Is this site religious?

No.

What does it mean to be (gender) Equality Agnostic?

Gender Equality Agnosticism is a form of Egalitarianism, specifically limited to gender equality. In brief, it is the belief that equality is not a men’s issue, or a women’s issue—it is a human rights issue and therefore needs to be pursued from a standpoint that takes on the position of both sexes.


Equality is defined as: The state or quality of being equal; correspondence in quantity, degree, value, rank, or ability.

Agnostic is defined as: A person who holds neither of two opposing positions on a topic. Socrates was an agnostic on the subject of immortality.

Source—www.Dictionary.com

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How gender role tore my family apart (1/4)


Sometimes the only way to help people understand why something matters is to put a human face on it.  Today that’s what I’m going to do.

In a world with clearly delineated sides in gender debate it is unusual to have someone who believes in standing the middle ground.  My Mondays are normally a war in which I am both outnumbered and surrounded.  Both sides of gender debate have a vocal angry portion that view me as the enemy, though also a gracious vocal minority that recognise me as the friend that I am.

People ask me why I do this. Why put myself in the line of emotional fire? So I’m going to explain how gender role has impacted my family and why that experience makes me feel there needs to be more than just a male and female side to gender equality debate.  I apologise for the length of this article, it covers several decades of my family’s life but I have done what I can to keep it succinct.

The story starts here:

Gender role, the legal enforcement thereof, as well as the governmental failure to meaningfully address issues raised by feminism, tore my family apart.

My father, Eberhard Kroker. Born 13th June, 1933
My father had five sons across three marriages of which I am the youngest.  As my father explained it, the first two times he got married, he did so ‘to do the right thing’—in short he got women pregnant then felt obligated by the societal enforcement of the male gender role of protector/provider to marry those women.  Unfortunately, marriages based on obligation rarely turn out well.  Regardless, he did very much love all of his children.

During the 1950s and 60s the norm in Germany was ‘at-fault’ divorce, but even then divorce law was heavily weighted towards reinforcing traditional gender role.  During each of my father’s divorces multiple witnesses came forward during the at-fault divorce proceedings and testified that they had had sexual relations with his wife during the course of their marriage. This led to each case being awarded in his favour.  Despite each case being considered a win, the win only meant a reduction in the amount of alimony he was required to pay—the judge still ruled for full custody of all children in each case to be given to his wives.  Why?  Because traditional gender role stipulates that women are mother/nurturers and men are protector/providers and our laws were (and in many places still are) set up to reflect this—women are awarded children as per their gender role and men are forced to continue to be providers as per their gender role, even though the relationship has ended.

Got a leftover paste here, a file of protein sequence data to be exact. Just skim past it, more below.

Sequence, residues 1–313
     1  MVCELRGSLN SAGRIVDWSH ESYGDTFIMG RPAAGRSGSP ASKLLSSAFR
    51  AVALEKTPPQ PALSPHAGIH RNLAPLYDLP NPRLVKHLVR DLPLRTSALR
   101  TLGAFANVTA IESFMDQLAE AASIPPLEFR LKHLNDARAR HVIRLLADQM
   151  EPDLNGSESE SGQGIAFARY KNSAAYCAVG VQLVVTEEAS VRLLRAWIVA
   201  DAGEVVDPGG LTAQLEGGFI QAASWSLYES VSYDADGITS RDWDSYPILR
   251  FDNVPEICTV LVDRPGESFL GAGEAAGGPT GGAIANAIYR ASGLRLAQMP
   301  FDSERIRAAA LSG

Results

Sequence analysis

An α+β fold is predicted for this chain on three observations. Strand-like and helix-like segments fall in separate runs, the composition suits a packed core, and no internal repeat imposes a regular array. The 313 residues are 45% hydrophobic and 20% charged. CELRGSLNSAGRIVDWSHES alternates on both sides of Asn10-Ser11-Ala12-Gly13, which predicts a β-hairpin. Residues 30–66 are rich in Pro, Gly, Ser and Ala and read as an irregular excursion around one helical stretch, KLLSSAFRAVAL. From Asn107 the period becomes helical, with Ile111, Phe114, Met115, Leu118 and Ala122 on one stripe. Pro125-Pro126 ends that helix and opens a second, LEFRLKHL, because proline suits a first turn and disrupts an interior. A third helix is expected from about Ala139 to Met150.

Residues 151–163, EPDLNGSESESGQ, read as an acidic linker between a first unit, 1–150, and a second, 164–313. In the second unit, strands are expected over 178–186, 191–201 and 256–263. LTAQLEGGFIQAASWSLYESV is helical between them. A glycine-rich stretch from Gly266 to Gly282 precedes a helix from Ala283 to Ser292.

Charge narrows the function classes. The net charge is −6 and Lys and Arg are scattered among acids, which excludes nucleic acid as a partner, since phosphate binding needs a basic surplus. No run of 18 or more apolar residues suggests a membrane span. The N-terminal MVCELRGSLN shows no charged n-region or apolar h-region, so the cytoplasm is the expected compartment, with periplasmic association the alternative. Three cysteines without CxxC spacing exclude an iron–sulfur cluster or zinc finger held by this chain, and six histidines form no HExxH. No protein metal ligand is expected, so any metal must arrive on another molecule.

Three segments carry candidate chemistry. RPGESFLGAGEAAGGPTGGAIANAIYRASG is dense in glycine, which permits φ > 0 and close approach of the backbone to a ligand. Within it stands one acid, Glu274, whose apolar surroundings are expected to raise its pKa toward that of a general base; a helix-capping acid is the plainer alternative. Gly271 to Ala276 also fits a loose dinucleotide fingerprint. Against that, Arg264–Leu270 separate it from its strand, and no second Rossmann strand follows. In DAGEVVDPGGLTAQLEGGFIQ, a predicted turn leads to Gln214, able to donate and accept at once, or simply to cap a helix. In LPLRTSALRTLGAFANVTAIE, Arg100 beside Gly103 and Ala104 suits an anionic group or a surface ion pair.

My father with his firstborn son, Rainer Kroker.
Rainer like his father, became a musician.
Despite the court awarding his first wife full custody of their son named Rainer, she wasn't interested in it.  At three years of age Rainer's mother left, leaving sole care of him to my father (though she returned when he turned twelve and sought out a relationship with him, then left again when he was seventeen, never to be heard from again).  She explained that as long as the alimony cheques kept coming, my father could retain all custody and he agreed. My father as a result continued to have a positive relationship with Rainer and when my father left Germany my brother was eighteen and opted to stay behind. As I was born here in Australia I have only been able to spend time with my brother on the few occasions that I’ve been to Germany.

The conclusion to my father’s second marriage did not end as well.  In my father's version of events, my father’s second wife was an alcoholic, less interested in fulfilling her mother/nurturer gender role and more interested in finding the end of a bottle.  As a result, despite being awarded full custody, the sons he bore with her—Armin and Andreas—only stayed at her house when he was at work.  This meant in most instances, his three sons often lived with him. For a time, this worked well for all involved…

First wave feminism however incidentally changed all of that.


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